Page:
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Jan 31

Evangelism and the Sunday Morning Pulpit

2011 | by Trent Hunter | Category: Recommended Link

Last week, Ryan was asked by John Starke at the The Gospel Coalition to answer an important question about the convergence of evangelism and the Sunday morning sermon. In this post, John asked Ryan, Is it appropriate for pastors to give evangelistic sermons or is Sunday morning strictly for the edification of believers?

In his third point, Ryan explained the nature in which a sermon can can apply the gospel to both believers and unbelievers:

I believe there is a way to preach the gospel to both believers and unbelievers since the gospel is what both believers and unbelievers need the most. In Romans 1:15, Paul relays that he is “eager to preach the gospel” to them—to Christians. This suggests that the gospel is not only to be preached to unbelievers as “the power of God unto salvation” (v. 16), but also to believers as the centerpiece of the Christian life. Similarly, Paul’s confrontation of Peter’s ethnic hypocrisy centered on the concern that this “conduct was not in step with the gospel” (Gal. 2:14)—i.e., it was inconsistent with the unifying purposes of the gospel. This concept, often called “the gospel for Christians,” is increasingly being enjoyed in articles, books, blog posts, and sermons, so I won’t belabor the point. But let me elaborate on the benefits this model of preaching has for believers and unbelievers.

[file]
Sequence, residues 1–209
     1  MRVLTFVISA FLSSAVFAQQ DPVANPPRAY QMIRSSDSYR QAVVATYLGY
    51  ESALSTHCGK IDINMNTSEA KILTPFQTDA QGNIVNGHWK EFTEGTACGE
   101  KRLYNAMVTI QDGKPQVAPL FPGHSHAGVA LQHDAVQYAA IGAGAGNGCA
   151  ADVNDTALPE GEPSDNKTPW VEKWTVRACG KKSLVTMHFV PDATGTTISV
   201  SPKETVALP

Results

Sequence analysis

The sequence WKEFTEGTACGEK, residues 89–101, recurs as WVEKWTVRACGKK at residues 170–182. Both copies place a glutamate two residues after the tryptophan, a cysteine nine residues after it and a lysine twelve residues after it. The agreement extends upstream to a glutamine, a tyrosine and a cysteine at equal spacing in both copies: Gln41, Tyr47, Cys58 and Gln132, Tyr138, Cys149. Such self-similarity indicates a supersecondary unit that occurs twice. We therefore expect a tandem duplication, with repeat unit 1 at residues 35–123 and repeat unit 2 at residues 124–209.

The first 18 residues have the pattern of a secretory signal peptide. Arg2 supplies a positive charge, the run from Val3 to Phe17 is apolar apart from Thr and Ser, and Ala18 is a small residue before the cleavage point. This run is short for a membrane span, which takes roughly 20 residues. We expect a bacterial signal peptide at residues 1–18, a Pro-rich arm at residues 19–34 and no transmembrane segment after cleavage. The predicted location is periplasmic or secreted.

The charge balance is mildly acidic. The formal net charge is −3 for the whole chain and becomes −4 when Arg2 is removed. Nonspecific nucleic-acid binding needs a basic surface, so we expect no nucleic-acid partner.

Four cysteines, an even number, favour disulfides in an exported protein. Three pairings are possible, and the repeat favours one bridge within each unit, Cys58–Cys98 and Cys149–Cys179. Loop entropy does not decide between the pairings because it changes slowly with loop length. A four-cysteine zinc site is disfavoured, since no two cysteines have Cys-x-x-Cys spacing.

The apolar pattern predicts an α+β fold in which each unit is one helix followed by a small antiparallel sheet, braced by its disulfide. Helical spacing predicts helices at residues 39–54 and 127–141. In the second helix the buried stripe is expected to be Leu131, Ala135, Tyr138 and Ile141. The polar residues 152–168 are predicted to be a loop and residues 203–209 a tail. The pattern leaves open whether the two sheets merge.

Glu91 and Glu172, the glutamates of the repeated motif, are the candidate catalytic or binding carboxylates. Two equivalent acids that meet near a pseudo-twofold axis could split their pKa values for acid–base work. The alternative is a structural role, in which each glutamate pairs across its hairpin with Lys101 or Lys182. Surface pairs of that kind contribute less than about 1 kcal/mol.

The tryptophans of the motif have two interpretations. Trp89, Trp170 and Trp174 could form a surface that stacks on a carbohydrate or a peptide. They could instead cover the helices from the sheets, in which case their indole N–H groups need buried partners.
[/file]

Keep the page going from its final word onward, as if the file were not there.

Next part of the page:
As an able preacher exposes believers’ sins as a misstep with the gospel, and as he once again unfolds the hope, forgiveness, and freeing power of the gospel, non-Christians are listening in on it all. And they’re not only hearing the basics of the gospel, but are also getting a sense of what it’s like to be a Christian. They’re hearing the ongoing cycle of guilt, grace, and gratitude, which is essential to conversion and sanctification. They’re hearing the kinds of things that are expected of those who follow Christ, how they wrestle with temptation, and that the unshakable grace of God is greater than sin. Such preaching has an inherent protection from a Pollyanna gospel, which promises only peace, acceptance, and joy, since the struggle for sanctification is openly addressed. Such gospel-centric preaching also provides unbelieving listeners with an apologetic for the failings and hypocrisies of Christians they’ve known. Of course, at some point in the sermon, the preacher can more directly address the sin-sickness, pain, and rebellion of blatant unbelief (non-Christians). Then it will be useful to be more thorough and explicit about the facts of the gospel, how salvation was accomplished, and what precisely to do to receive his mercy. In all of this, the preacher has not only shown non-Christians what the gospel is and what the Christian life is like, but has also shown Christians how to talk to non-Christians about the gospel. He has also given his members a reason to invite their non-Christian friends to come next Sunday.

Visit The Gospel Coalition’s Blog for Ryan’s full answer. John’s question to Ryan was part of a larger series of posts on the subject of evangelism at the TGC blog. Read John Starke’s recent post clarifying the lessons he has learned about evangelism in the course of this series.